Are Sober Dorms Enough For College Students With Addiction?
With the influx of media attention surrounding drug addiction among young people, a trend around select college campuses has been popping up. Certain campuses are offering a new service directed at the community of young students in recovery. Oregon State is one such example, offering a new live-in location directed at supporting young people in recovery. While the concept is certainly laudable, there is concern in the established addiction recovery community that these “sober dorms” are not a complete solution for college students suffering from addiction. Can Sober Dorms replace addiction treatment for students with addiction?
Sober Dorms: What They Are and What They Aren’t
To answer that question, it is first important to understand what sober dorms are, and equally important to understand what they are not. First of all, they are not an ideal fit for students with addiction who are first getting sober. Most reputable sober dorms actually require a minimum amount of time sober before a resident can move in. This is an important fact to remember.
Sober dorms are designed to facilitate a healthy lifestyle in a college environment that is otherwise mired in excessive drinking and drug use. They provide a safer alternative to traditional dormitory living, and often require 12 step meeting attendance for their residents. This model carries a number of benefits to traditional dormitories for students in recovery.
What sober dorms do not do, is provide the initial foundation of recovery that is the de facto barrier to long term sobriety for most young people looking to turn their lives around. Structure, accountability and basic life skills are not focused on – nor are they meant to be. For many entering the sober dorm setting, they already have a substantial amount of time sober under their belt and do not need a primer on the basics of working program. For individuals in this situation, the model can work very well. For someone who is going to college for the first time, who is actively struggling with addiction or who does not have the basic building blocks of successful recovery in place, it can be a much different story.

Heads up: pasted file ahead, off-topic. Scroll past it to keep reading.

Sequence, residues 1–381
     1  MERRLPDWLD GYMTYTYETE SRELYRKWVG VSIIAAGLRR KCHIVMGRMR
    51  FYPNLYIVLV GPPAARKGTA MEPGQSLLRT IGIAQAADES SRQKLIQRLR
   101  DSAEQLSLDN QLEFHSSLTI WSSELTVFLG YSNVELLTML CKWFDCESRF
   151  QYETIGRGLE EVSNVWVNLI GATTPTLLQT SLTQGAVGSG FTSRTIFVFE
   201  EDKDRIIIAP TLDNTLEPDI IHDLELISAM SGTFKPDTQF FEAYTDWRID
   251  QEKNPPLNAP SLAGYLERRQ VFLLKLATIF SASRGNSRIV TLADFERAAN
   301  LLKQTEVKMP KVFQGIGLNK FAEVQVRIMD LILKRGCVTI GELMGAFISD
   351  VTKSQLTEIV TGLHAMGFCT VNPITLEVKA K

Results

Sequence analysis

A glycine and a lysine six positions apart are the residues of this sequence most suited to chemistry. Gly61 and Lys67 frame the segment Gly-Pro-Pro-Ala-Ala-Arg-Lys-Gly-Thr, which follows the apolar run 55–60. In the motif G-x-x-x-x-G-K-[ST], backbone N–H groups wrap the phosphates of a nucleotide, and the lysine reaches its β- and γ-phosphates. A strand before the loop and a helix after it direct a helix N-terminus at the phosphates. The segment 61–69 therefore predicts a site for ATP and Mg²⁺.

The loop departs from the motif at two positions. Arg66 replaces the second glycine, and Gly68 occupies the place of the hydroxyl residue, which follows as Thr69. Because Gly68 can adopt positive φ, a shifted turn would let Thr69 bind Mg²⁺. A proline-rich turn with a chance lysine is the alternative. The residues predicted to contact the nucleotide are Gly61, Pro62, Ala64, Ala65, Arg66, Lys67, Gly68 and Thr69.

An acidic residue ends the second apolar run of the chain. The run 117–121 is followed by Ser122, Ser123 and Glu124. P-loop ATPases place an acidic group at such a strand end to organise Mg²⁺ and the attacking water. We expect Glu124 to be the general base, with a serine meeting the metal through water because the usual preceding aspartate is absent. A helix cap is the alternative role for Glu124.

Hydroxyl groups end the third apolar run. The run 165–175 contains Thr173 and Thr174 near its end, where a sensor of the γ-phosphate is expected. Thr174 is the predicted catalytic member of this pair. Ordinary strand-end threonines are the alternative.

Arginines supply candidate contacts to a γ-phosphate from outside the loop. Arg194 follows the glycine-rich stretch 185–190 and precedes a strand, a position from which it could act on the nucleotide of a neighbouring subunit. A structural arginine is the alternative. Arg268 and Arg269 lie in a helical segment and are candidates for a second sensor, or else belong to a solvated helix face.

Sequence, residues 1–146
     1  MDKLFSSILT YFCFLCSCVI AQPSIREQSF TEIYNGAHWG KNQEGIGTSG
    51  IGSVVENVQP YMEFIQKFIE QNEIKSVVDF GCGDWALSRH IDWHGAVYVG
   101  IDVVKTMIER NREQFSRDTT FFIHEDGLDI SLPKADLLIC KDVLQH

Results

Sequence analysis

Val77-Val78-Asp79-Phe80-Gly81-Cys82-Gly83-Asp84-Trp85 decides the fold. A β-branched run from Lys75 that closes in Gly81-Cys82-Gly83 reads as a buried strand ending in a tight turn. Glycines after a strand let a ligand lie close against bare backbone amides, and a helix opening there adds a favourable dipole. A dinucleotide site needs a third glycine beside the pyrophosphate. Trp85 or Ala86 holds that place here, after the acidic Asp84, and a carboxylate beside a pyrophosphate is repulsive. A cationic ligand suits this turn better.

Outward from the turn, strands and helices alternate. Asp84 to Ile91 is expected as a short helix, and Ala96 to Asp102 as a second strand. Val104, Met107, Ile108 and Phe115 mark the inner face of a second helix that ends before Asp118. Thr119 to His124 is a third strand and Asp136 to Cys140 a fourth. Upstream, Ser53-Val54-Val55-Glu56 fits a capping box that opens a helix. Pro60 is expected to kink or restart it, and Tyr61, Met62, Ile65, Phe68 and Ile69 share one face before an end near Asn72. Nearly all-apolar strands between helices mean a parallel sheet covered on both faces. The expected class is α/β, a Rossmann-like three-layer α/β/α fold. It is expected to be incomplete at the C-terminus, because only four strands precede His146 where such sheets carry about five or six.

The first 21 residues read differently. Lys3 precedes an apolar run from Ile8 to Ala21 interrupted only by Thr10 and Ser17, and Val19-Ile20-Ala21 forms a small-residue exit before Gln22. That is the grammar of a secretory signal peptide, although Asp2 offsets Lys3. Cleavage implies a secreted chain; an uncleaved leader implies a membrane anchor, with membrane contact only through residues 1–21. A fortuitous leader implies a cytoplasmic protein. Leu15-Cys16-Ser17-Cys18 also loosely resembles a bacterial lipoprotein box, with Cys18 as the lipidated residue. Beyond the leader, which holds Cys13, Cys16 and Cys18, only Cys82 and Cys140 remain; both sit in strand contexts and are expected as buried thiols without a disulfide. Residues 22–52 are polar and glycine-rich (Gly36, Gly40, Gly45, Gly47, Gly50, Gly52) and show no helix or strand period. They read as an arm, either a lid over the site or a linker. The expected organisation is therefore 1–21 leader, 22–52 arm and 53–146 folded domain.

But Isn’t a Sober Environment Enough?
Unfortunately, if a sober environment was enough for most students with addiction, recovery would be as simple as moving back home with mom and dad or answering a Craigslist ad looking for a roommate who does not drink. The reality of addiction is that environment is *extremely* important – but without the building blocks of recovery in place, not enough.
Research has shown time and time again that an individual’s chances of relapse diminish the longer time sober that they put together. In fact, individuals that make it to 5 years of sobriety have a relapse rate of less than 15 percent. So why do most people fall off the wagon so early in their recovery? Because they lack the fundamentals of working program.
This is not a popular stance by many who are big proponents of the medication maintenance programs. There is a belief that is becoming more widespread that basic recovery principles can be replaced by Suboxone or Methadone. Many claim that abstinence focused recovery sets those with addiction up for failure by attaching shame to relapse. The problem is, abstinence based recovery works. All too often, young people who have not reached a point in their addiction or life to necessitate long term (often life-long) medication maintenance programs, are placed on addictive drugs. This hurts their chances of ever experiencing the freedom of true recovery. While medication maintenance can be a good choice for individuals who have had a long life of opiate abuse and who have little to no chances of ever kicking the habit, it sets young people up for failure.
For young people working to get sober, learning what it means to practice working a program is a much more effective route to take, and necessary if long term sobriety is the goal. In order for a sober environment to work, a resident needs to first have experience staying sober, and have been taught the principles that will allow them to do this.
How To Make Sober Dorms Effective for Students with Addiction
In order for a sober dorm setting to be effective, residents need to come in to the environment with prior experience staying sober, working a program and maintaining their recovery. The idea is a good one, and has a lot of potential for helping young people in recovery navigate the difficulties associated with living a healthy lifestyle while in college. Without building a foundation in recovery first though, they could be a recipe for failure. This means that if long term recovery is the goal, they can’t be looked at as a replacement for the solid foundation of structure and recovery that they are not designed to provide. Young people trying to get sober will still need to look to reputable recovery homes, programs and 12 step programs to provide this foundation. After this has been established, a sober dorm could be a good option.